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Excerpted from PowerHunch! by Marcia Emery. Copyright © 2001 by Marcia Emery. Excerpted by permission of Beyond Words Publishing, Inc.  All rights reserved. No part of this excerpt may be reproduced or reprinted without permission in writing from the publisher. HTML and web pages copyright © by SpiritSite.com.
 

"Many of the people I interviewed reported having an internal conversation with their 'intuitive voice.'"

  Marcia Emery, PowerHunch!, Part 6

Hearing. Lend Me Your Ear

If you're old enough, you may remember ventriloquist Edgar Bergen and his dummy Charlie McCarthy. Charlie was always outrageous, and Bergen often said, quite seriously, "Sometimes Charlie knows things that I just donít know." Was Bergen listening to his intuitive voice speaking through Charlie?

My friend Janice told me about an unusual occurrence. She was awakened one night from a deep sleep by the ringing phone, and had a brief phone conversation with a troubled friend. The next morning, when she mentioned the midnight caller at the breakfast table, her family gave her a blank stare. No one else had heard the ringing phone! When Janice phoned her friend later that morning, she told her that she had had a crisis and considered calling her early in the morning -- but she never made the call. Janice's auditory sense pulled in a sound from the universe to alert her that someone was calling out to her.

Many of the people I interviewed reported having an internal conversation with their "intuitive voice." Author Leo Buscaglia was guided by his intuition throughout the day. In fact, he told me that everything he did came out of listening to what he needed. Hearing the message is one thing, but paying attention is what counts. He emphasized that you have to hear and heed when your inner voice tells you "That's enough routine" or "That's enough work." When we press on regardless, it may be because we simply don't hear the word "Stop."

Author Cay Randall May hears gentle, fluttering ideas going through her mind. She calls them her "butterfly thoughts" because they flit in and out. Have you ever noticed these? They can be anything on a scale from banal to profound. Sometimes they can be lifesaving. Karen had just come back from a long visit with her daughter, and she was tired. She tried to ignore nagging thoughts that she should take her car to the mechanic.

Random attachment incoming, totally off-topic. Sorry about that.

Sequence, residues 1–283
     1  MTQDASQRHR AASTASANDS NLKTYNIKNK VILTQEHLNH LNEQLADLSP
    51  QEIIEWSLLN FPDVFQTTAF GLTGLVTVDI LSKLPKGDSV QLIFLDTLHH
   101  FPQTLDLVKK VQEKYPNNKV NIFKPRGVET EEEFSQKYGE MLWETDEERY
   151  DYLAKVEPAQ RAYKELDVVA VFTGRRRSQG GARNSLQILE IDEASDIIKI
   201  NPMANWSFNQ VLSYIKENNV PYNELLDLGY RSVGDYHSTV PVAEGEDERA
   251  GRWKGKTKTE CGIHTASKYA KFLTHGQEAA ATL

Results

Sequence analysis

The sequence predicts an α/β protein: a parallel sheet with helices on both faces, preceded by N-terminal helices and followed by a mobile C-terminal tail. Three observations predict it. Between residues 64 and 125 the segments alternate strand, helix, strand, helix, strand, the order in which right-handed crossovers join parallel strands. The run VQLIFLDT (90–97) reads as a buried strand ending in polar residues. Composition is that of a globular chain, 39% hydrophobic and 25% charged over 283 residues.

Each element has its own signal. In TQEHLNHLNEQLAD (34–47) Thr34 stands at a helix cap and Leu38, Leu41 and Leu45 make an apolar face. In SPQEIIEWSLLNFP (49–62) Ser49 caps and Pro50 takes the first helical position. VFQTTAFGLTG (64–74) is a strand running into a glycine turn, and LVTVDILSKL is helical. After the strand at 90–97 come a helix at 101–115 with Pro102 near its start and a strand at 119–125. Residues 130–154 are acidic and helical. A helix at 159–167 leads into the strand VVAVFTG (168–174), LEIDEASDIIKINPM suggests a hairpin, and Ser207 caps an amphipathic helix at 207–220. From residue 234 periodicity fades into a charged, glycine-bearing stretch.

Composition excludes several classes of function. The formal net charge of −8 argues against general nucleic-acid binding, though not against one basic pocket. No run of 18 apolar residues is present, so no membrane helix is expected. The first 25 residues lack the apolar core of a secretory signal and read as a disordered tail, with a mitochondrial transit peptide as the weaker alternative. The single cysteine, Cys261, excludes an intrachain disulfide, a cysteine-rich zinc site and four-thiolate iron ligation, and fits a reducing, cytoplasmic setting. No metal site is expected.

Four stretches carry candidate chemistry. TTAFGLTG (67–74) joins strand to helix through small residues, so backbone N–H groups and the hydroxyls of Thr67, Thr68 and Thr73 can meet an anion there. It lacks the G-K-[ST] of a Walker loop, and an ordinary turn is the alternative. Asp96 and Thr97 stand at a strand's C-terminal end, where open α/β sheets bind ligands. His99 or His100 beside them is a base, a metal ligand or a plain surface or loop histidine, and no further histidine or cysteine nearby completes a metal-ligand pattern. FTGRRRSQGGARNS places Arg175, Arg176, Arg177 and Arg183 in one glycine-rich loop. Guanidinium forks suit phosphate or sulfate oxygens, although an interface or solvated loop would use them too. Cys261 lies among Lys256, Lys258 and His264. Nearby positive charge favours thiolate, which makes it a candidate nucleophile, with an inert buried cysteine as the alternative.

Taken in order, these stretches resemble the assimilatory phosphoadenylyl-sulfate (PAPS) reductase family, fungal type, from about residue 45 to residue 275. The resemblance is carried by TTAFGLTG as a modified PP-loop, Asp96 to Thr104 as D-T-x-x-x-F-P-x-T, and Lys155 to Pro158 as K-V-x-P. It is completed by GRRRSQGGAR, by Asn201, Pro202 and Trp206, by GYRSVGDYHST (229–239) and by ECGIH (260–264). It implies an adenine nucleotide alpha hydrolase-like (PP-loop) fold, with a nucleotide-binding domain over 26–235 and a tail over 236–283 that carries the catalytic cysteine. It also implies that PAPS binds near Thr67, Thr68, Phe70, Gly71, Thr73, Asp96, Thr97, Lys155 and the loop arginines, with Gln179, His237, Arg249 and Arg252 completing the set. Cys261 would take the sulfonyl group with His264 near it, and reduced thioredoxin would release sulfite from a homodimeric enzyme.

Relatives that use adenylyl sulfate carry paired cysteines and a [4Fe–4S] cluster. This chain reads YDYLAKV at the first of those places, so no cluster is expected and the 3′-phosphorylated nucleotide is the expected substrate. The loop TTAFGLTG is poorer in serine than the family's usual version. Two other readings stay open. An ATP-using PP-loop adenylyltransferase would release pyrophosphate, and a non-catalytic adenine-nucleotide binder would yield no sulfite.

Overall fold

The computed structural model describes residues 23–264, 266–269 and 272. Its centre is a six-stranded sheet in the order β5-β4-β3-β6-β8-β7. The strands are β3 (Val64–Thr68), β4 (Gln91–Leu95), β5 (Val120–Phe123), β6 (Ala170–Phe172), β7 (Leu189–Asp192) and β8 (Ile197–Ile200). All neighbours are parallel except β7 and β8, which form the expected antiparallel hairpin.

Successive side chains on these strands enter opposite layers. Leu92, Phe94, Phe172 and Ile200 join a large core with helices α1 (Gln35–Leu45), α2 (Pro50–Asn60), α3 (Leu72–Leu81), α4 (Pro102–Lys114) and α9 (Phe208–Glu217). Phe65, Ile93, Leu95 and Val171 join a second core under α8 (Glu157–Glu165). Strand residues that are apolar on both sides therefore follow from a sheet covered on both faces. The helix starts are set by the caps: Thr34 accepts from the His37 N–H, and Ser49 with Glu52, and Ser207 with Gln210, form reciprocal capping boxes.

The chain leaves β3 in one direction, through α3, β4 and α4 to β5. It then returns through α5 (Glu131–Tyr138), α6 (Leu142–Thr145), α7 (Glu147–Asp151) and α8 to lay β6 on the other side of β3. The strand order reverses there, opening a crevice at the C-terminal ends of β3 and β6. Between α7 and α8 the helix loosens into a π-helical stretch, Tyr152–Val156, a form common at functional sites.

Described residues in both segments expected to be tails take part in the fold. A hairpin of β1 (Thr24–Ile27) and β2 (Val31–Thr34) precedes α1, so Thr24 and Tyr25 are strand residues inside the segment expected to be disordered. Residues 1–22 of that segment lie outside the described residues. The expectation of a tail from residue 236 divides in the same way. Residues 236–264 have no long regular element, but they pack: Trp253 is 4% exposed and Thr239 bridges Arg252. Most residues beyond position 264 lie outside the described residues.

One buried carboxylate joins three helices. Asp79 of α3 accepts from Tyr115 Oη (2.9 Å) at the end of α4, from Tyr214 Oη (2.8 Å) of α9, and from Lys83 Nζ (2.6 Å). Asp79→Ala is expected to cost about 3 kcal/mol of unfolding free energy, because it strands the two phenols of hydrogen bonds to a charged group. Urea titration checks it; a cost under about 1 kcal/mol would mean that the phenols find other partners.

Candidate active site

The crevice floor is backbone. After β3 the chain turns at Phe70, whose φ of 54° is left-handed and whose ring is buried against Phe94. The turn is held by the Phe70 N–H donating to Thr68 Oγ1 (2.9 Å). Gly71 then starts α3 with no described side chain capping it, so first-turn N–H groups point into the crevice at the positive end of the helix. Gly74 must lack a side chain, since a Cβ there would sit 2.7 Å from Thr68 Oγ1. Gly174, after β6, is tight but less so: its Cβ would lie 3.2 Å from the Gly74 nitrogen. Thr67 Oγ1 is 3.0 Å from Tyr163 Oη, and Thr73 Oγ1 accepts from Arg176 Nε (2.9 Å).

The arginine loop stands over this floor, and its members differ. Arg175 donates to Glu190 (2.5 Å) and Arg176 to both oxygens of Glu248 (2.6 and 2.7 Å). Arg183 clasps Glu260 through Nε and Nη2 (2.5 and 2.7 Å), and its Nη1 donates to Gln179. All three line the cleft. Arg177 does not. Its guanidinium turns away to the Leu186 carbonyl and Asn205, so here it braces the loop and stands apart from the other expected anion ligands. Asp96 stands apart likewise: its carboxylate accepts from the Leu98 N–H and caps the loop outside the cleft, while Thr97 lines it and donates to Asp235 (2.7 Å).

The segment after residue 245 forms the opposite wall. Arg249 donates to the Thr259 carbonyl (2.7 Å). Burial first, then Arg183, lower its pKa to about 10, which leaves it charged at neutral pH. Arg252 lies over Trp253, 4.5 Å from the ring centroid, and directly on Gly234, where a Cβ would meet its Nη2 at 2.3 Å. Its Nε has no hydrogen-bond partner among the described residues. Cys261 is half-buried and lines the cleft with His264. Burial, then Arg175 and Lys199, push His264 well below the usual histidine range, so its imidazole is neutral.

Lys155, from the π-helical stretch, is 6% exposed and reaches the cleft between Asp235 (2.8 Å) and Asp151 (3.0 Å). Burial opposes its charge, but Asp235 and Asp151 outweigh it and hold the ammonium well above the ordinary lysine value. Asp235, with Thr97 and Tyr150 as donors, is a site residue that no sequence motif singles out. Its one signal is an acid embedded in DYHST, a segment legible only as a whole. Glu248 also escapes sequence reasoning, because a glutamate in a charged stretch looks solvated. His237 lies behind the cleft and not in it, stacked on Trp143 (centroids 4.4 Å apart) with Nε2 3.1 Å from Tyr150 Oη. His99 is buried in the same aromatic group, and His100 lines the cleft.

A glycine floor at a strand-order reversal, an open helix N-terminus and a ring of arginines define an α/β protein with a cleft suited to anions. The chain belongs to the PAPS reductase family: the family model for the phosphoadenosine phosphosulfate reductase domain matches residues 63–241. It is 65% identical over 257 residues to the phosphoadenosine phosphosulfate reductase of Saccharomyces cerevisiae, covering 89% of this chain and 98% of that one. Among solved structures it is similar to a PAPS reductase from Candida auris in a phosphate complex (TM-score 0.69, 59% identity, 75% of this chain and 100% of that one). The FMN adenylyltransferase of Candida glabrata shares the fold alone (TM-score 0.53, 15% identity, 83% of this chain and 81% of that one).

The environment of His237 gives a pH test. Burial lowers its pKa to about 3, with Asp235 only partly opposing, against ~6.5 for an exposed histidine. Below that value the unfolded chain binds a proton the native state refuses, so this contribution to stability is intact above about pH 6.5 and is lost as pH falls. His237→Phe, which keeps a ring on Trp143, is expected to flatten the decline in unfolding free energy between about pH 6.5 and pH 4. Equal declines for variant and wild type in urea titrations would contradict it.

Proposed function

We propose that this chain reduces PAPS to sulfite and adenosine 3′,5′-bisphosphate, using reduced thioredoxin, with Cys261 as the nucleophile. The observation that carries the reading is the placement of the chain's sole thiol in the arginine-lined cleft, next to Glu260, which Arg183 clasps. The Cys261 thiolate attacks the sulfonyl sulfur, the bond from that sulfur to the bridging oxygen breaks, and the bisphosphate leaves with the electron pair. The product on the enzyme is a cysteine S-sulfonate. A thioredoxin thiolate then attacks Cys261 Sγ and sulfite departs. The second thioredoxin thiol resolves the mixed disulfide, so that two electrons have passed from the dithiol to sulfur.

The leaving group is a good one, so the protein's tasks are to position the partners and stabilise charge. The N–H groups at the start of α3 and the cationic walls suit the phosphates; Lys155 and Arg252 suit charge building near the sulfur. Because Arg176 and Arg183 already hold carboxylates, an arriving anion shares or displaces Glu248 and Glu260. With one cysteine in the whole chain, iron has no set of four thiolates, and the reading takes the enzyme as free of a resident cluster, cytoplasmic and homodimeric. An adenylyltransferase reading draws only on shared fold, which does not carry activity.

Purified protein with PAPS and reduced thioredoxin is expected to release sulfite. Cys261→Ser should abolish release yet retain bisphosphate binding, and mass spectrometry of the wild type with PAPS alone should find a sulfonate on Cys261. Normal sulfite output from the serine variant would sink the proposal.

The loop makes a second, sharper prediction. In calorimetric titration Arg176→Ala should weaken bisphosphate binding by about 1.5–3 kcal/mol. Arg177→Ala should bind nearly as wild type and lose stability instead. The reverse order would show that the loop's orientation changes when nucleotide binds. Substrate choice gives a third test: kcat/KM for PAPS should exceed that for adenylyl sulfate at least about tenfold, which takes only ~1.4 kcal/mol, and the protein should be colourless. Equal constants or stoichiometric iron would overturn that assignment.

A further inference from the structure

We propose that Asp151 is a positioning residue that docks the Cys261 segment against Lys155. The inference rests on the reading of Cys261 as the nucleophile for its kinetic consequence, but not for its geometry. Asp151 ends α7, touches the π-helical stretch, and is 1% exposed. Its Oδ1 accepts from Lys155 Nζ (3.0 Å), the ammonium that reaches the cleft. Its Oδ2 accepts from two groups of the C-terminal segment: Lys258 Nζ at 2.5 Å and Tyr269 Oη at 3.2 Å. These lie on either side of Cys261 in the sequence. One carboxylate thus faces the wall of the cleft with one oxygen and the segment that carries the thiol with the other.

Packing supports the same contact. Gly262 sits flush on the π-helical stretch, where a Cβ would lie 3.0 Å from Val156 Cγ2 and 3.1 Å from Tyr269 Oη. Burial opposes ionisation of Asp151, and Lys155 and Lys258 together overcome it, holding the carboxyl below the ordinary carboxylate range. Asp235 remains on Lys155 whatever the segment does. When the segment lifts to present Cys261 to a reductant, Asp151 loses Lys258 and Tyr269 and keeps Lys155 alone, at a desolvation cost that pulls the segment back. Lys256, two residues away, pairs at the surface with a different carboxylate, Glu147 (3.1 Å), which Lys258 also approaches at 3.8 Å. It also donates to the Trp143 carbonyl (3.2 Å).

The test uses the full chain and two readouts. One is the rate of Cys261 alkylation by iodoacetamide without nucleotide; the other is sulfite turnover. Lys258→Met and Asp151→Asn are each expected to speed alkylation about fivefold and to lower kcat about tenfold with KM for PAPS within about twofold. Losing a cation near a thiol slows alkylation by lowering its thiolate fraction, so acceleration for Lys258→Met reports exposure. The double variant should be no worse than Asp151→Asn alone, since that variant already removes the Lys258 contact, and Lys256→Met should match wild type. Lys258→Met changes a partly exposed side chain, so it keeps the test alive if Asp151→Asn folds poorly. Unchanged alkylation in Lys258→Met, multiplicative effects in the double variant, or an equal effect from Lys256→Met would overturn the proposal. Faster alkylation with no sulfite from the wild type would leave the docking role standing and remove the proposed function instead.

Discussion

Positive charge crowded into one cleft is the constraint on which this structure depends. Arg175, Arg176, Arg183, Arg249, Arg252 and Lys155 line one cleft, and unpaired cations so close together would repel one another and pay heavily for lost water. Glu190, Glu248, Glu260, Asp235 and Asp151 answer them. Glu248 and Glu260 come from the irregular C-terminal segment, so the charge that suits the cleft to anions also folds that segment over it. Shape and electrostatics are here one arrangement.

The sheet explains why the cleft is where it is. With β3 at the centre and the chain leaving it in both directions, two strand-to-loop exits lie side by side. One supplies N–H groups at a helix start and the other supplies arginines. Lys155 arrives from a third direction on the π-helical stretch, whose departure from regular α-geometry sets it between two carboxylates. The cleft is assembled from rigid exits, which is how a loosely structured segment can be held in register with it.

She knew there was no emergency, and really there was nothing wrong with the car. After two days, however, she started listening to her butterfly thoughts and took her car to the repair shop. The mechanic lifted the hood and immediately said, "I smell gas." Then, after looking at the engine for a moment, he said, "Who's been working on your car?" "No one," she replied. But the metal shavings he found showed that someone had filed down the throttle valve, allowing gas to escape into the car. Listening to her intuitive voice probably saved her life and the lives of others.

Hearing the intuitive voice often leads to uncharacteristic but important actions. During the fall of 1941, British Prime Minister Winston Churchill made regular visits to the antiaircraft batteries surrounding London. One evening, he turned to leave one of the sites. As usual, his driver opened the near-side car door for him. Uncharacteristically, Churchill walked around the car, opened the door on the far side, and sat down. As his car sped off into the dark, a bomb explosion lifted the car onto two wheels -- on the side Churchill normally sat on. As the car righted itself, Churchill joked, "It must have been my beef on that side that pulled it down." Later, he told his wife that something said, "Stop" before he reached the car door held open for him. That prompted him to open the door on the other side and sit down.

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